Cornered by sustained protests against the citizenship law, the BJP-led Assam government has "suggested" the centre must have several "safeguards" and "checks" in the set of rules to be framed for implementation of the controversial Citizenship (Amendment) Act, or CAA. The suggestions come after Chief Minister Sarbananda Sonowal said his government would ask for "stringent" rules before allowing CAA to be exercised in the state. Mr Sonowal made similar comments last month when he said the citizenship law was committed to protecting "genuine" Indian citizens.
"In our government's view one will definitely have to prove one entered India, and more so Assam, before 2014... to do this you will have to produce government account. Suppose bank account opened prior to 2014 or NRC application (was made) prior to 2014, applicant has to prove bonafide residency in Assam under CAA," Himanta Biswa Sarma, cabinet minister and a key BJP leader in the North East, said.
The citizenship law is the first time religion will be used to determine eligibility for Indian citizenship. The government says it will help non-Muslim refugees fleeing religious persecution from three Muslim-dominated countries - Afghanistan, Bangladesh and Pakistan. Critics say the law discriminates against Muslims and violates secular tenets of the Constitution.
"...during framing of rules please ensure no other religion can submit affidavit claiming they are Hindus," Mr Sarma added.
"We also need safeguard on cutoff date (and), if need be, we have suggested physical on-ground verification," he said, adding that it had also been "suggested" that the centre afford only a short window of appeal for those whose citizenship appeals are rejected.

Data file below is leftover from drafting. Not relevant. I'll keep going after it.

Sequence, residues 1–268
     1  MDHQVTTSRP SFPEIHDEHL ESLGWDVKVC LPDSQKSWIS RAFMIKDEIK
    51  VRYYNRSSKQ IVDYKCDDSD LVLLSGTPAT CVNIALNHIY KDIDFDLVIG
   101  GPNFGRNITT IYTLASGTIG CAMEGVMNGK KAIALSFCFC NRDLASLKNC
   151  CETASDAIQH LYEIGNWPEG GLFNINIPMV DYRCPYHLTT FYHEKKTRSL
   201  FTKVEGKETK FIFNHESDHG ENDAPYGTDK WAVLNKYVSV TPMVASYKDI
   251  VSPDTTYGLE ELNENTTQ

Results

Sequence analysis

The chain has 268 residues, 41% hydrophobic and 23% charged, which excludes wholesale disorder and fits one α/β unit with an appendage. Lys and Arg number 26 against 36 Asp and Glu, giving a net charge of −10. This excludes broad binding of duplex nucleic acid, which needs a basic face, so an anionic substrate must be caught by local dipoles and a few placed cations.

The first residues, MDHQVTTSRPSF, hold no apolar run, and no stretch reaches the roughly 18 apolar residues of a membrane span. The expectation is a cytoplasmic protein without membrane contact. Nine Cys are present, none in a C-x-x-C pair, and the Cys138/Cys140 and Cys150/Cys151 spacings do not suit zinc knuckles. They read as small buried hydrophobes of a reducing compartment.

"...lot of rumours that over 1 crore Bangladeshis will come... we request the centre have a very short window of appeal so rumour-mongering can be checked... our target people are selected during process of NRC (national register of citizens). The application process will hardly take two, three months in Assam," the BJP leader added.
The BJP has claimed the CAA will benefit between three and five lakh people in Assam.
Mr Sarma's comments come after he raised doubts over validity of proofs for claims of religious persecution. "How can there be proof of religious persecution? Will any police station in Bangladesh give them a document that says they faced religious persecution?" he asked on Friday.
His comments also come amid a renewed push by the BJP to drum up support for the CAA in the North East, which has seen violent and widespread protests against the bill. Earlier this month Assam BJP organised a booth-level conclave in Guwahati in a show of strength.